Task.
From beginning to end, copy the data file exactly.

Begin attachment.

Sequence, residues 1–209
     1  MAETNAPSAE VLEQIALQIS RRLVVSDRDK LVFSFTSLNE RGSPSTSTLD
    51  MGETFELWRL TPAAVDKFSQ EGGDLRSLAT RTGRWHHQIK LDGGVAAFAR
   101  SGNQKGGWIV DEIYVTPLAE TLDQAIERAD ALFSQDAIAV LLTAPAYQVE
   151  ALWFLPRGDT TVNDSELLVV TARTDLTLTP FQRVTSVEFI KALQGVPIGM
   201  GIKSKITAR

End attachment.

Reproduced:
Sequence, residues 1–209
     1  MAETNAPSAE VLEQIALQIS RRLVVSDRDK LVFSFTSLNE RGSPSTSTLD
    51  MGETFELWRL TPAAVDKFSQ EGGDLRSLAT RTGRWHHQIK LDGGVAAFAR
   101  SGNQKGGWIV DEIYVTPLAE TLDQAIERAD ALFSQDAIAV LLTAPAYQVE
   151  ALWFLPRGDT TVNDSELLVV TARTDLTLTP FQRVTSVEFI KALQGVPIGM
   201  GIKSKITAR